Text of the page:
The Company Wars, by C.J. Cherryh
The Conan The Barbarian Series, by R.E. Howard
Contact, by Carl Sagan
Cryptonomicon, by Neal Stephenson
The Crystal Cave, by Mary Stewart
The Culture Series, by Iain M. Banks
The Dark Tower Series, by Stephen King
The Day of Triffids, by John Wyndham
Deathbird Stories, by Harlan Ellison
The Deed of Paksennarion Trilogy, by Elizabeth Moon
The Demolished Man, by Alfred Bester
The Deverry Cycle, by Katharine Kerr
Dhalgren, by Samuel R. Delany
The Diamond Age, by Neil Stephenson
The Difference Engine, by William Gibson & Bruce Sterling
The Dispossessed, by Ursula K. LeGuin
Do Androids Dream Of Electric Sheep?, by Philip K. Dick
Don’t Bite The Sun, by Tanith Lee
Doomsday Book, by Connie Willis
Dragonflight, by Anne McCaffrey
Dreamsnake, by Vonda McIntyre
The Dune Chronicles, by Frank Herbert
Earth, by David Brin
Earth Abides, by George R. Stewart
The Eisenhorn Omnibus, by Dan Abnett
The Elric Saga, by Michael Moorcock
Ender’s Game, by Orson Scott Card
Eon, by Greg Bear
The Eyes Of The Dragon, by Stephen King
The Eyre Affair, by Jasper Fforde
The Faded Sun Trilogy, by C.J. Cherryh
Fafhrd & The Gray Mouser Series, by Fritz Leiber
Fahrenheit 451, by Ray Bradbury
The Farseer Trilogy, by Robin Hobb
The Female Man, by Joanna Russ
The Fionavar Tapestry Trilogy, by Guy Gavriel Kay
A Fire Upon The Deep, by Vernor Vinge
The First Law Trilogy, by Joe Abercrombie
Flowers For Algernon, by Daniel Keys
The Foreigner Series, by C.J. Cherryh
The Forever War, by Joe Haldeman
The Foundation Trilogy, by Isaac Asimov
Frankenstein, by Mary Shelley
The Gaea Trilogy, by John Varley
The Gap Series, by Stephen R. Donaldson
The Gate To Women’s Country, by Sheri S. Tepper
Going Postal, by Terry Pratchett
The Gone-Away World, by Nick Harkaway
The Gormenghast Triology, by Mervyn Peake
Grass, by Sheri S. Tepper
Gravity’s Rainbow, by Thomas Pynchon
The Handmaid’s Tale, by Margaret Atwood
Hard-Boiled Wonderland And The End of The World, by Haruki Murakami
The Heechee Saga, by Frederik Pohl
The Hitchhiker’s Guide To The Galaxy, by Douglas Adams
The Hollows Series, by Kim Harrison
House Of Leaves, by Mark Danielewski
The Hyperion Cantos, by Dan Simmons
I Am Legend, by Richard Matheson
I, Robot, by Isaac Asimov
The Illuminatus! Trilogy, by Robert Shea & Robert Anton Wilson
The Illustrated Man, by Ray Bradbury
The Incarnations Of Immortality Series, by Piers Anthony
The Inheritance Trilogy, by N.K. Jemisin
Jonathan Strange & Mr Norrell, by Susanna Clarke
A Journey To The Center Of The Earth, by Jules Verne
Kindred, by Octavia Butler
The Kingkiller Chronicles, by Patrick Rothfuss
Kraken, by China Mieville
The Kushiel’s Legacy Series, by Jacqueline Carey
Last Call, by Tim Powers
The Last Coin, by James P. Blaylock
The Last Herald Mage Trilogy, by Mercedes Lackey
The Last Unicorn, by Peter S. Beagle
The Lathe Of Heaven, by Ursula K. LeGuin
The Left Hand Of Darkness, by Ursula K. LeGuin
The Legend Of Drizzt Series, by R.A. Salvatore
The Lensman Series, by E.E. Smith
The Liaden Universe Series, by Sharon Lee & Steve Miller
The Lies Of Locke Lamora, by Scott Lynch
Lilith’s Brood, by Octavia Butler
Little, Big, by John Crowley
The Liveship Traders Trilogy, by Robin Hobb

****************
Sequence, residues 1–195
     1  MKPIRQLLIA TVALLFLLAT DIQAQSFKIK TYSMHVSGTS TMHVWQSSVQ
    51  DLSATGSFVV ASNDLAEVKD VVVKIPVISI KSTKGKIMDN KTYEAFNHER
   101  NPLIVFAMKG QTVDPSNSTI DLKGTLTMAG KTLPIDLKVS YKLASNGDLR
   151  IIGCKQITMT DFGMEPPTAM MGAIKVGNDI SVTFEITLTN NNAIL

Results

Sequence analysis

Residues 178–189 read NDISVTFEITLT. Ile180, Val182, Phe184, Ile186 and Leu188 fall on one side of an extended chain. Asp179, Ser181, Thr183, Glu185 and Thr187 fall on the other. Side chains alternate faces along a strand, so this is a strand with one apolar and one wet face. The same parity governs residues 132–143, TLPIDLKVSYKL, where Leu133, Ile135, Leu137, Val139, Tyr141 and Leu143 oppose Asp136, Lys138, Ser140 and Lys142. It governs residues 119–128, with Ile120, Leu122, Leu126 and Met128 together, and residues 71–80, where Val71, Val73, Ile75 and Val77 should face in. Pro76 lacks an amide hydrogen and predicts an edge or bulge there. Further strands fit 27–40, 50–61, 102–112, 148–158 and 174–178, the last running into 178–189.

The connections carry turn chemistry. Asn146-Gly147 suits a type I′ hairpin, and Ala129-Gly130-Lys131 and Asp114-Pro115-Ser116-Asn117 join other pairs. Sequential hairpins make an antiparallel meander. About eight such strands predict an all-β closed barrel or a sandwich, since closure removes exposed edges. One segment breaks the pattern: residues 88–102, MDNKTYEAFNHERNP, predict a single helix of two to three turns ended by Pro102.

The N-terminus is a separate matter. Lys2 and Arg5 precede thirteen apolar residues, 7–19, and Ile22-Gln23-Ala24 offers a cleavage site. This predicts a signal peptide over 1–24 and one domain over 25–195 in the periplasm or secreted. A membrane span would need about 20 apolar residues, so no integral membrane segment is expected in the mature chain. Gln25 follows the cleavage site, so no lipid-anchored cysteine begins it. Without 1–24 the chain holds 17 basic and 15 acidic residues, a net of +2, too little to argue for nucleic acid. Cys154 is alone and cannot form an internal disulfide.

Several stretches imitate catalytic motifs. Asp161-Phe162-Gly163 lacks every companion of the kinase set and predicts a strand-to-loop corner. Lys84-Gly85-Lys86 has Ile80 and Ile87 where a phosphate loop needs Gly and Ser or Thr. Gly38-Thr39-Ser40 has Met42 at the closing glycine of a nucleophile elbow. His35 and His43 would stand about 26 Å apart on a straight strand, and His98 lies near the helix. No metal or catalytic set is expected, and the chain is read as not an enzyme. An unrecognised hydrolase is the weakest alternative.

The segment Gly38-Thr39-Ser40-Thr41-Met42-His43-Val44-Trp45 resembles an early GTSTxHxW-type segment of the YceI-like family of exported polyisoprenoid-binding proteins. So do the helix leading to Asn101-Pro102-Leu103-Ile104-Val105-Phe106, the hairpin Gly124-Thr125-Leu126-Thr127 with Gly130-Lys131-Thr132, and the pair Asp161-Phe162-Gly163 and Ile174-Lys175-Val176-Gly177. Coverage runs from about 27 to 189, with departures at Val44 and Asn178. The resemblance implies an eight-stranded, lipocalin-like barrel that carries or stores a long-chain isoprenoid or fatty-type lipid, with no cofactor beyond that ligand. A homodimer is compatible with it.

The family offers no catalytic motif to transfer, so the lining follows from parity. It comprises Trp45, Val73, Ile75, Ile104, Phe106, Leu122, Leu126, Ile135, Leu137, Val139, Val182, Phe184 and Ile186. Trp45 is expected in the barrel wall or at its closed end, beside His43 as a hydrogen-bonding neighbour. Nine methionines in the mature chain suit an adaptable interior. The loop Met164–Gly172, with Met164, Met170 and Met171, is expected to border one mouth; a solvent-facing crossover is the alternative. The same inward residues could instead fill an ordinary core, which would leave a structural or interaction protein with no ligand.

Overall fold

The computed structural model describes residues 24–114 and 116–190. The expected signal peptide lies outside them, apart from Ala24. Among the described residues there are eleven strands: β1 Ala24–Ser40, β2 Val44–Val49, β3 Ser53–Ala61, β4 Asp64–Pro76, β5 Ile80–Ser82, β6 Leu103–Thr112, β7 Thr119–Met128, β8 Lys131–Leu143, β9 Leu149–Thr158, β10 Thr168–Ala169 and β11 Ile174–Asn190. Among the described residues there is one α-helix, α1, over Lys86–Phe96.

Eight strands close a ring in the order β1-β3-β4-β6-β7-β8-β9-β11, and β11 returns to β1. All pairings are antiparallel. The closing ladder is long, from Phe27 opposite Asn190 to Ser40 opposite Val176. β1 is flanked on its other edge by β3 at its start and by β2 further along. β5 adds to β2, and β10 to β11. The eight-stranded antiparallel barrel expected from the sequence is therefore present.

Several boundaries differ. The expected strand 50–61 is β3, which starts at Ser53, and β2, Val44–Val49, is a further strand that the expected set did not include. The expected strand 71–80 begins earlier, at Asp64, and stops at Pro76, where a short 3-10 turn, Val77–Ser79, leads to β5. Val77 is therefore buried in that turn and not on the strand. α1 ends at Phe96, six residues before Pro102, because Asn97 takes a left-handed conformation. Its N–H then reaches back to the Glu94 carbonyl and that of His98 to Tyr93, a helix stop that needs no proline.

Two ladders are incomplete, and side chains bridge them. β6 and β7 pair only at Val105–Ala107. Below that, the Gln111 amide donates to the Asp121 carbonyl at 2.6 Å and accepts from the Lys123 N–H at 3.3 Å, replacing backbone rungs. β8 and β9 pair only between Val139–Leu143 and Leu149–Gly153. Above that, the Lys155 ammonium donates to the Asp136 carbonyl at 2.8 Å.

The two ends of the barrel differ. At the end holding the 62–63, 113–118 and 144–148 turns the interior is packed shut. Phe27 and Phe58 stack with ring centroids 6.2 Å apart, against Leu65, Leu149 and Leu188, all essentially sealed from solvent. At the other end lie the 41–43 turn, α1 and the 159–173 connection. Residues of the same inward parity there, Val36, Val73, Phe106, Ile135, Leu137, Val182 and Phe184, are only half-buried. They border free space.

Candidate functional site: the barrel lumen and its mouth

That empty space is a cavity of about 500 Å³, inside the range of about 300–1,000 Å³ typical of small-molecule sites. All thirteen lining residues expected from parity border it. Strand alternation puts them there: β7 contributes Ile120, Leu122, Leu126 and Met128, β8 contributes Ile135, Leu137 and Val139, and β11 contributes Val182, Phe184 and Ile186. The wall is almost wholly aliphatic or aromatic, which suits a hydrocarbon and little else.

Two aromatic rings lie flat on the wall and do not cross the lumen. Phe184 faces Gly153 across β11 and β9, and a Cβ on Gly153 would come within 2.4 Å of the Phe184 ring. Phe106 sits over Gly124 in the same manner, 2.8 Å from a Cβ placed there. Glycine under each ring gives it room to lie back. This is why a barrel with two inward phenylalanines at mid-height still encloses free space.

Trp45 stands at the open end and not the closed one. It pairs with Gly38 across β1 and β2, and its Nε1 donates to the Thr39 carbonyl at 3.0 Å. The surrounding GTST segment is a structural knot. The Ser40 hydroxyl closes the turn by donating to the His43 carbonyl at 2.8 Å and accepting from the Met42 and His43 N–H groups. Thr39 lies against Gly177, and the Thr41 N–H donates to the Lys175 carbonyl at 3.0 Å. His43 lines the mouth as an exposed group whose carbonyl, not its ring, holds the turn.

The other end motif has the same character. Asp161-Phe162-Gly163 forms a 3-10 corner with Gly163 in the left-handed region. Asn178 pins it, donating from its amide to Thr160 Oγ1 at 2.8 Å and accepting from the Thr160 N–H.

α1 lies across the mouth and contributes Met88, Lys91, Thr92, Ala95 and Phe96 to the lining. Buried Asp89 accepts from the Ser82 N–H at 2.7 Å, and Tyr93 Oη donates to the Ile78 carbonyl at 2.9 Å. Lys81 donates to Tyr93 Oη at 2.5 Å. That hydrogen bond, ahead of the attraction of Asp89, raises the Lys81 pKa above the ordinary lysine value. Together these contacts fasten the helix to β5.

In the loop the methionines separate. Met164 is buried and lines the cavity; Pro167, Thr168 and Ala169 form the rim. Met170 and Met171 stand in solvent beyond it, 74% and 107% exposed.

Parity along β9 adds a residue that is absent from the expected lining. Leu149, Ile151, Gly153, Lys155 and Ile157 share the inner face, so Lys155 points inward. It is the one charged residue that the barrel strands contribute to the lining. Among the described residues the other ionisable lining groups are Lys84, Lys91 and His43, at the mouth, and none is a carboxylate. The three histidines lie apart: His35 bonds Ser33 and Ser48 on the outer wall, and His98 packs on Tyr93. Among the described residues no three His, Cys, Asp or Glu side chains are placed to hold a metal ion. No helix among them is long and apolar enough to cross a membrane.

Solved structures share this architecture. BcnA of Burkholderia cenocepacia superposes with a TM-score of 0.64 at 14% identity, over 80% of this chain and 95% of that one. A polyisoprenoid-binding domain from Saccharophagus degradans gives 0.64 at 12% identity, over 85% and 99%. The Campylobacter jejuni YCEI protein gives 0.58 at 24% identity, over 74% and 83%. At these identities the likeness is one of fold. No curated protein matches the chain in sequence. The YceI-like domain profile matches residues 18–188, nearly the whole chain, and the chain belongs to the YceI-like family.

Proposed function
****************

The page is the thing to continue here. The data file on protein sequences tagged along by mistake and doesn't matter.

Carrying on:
Lord Of Light, by Roger Zelazny
The Lord Of The Rings Trilogy, by J.R.R. Tolkien
Lord Valentine’s Castle, by Robert Silverberg
Lucifer’s Hammer, by Larry Niven & Jerry Pournelle
Lud-in-the-Mist, by Hope Mirrlees
The Magicians, by Lev Grossman
The Malazan Book Of The Fallen Series, by Steven Erikson
The Man In The High Castle, by Philip K. Dick
The Manifold Trilogy, by Stephen Baxter
The Mars Trilogy, by Kim Stanley Robinson
The Martian Chronicles, by Ray Bradbury
Memory And Dream, by Charles de Lint
Memory, Sorrow, And Thorn Trilogy, by Tad Williams
Mindkiller, by Spider Robinson
The Mistborn Series, by Brandon Sanderson
The Mists Of Avalon, by Marion Zimmer Bradley
The Moon Is A Harsh Mistress, by Robert Heinlein
Mordant’s Need, by Stephen Donaldson
More Than Human, by Theodore Sturgeon
The Mote In God’s Eye, by Larry Niven & Jerry Pournelle
The Naked Sun, by Isaac Asimov
The Neanderthal Parallax Trilogy, by Robert J. Sawyer
Neuromancer, by William Gibson
Neverwhere, by Neil Gaiman
The Newsflesh Triology, by Mira Grant
The Night’s Dawn Trilogy, by Peter F. Hamilton
Novels Of The Company, by Kage Baker
Norstrilia, by Cordwainer Smith
The Number Of The Beast, by Robert Heinlein
Old Man’s War, by John Scalzi
On Basilisk Station, by David Weber
The Once And Future King, by T.H. White
Oryx And Crake, by Margaret Atwood
The Otherland Tetralogy, by Tad Williams
The Outlander Series, by Diana Gabaldan
Parable Of The Sower, by Octavia Butler
The Passage, by Justin Cronin
Pattern Recognition, by William Gibson
Perdido Street Station, by China Mieville
The Prestige, by Christopher Priest
The Pride Of Chanur, by C.J. Cherryh
The Prince Of Nothing Trilogy, by R. Scott Bakker
The Princess Bride, by William Goldman
Rainbows End, by Vernor Vinge
Rendezvous With Rama, by Arthur C. Clarke
Replay, by Ken Grimwood
Revelation Space, by Alistair Reynolds
Riddley Walker, by Russell Hoban
The Riftwar Saga, by Raymond E. Feist
Ringworld, by Larry Niven
The Riverworld Series, by Philip Jose Farmer
The Road, by Cormac McCarthy
The Saga Of Pliocene Exile, by Julian May
The Saga Of Recluce, by L.E. Modesitt Jr.
The Sandman Series, by Neil Gaiman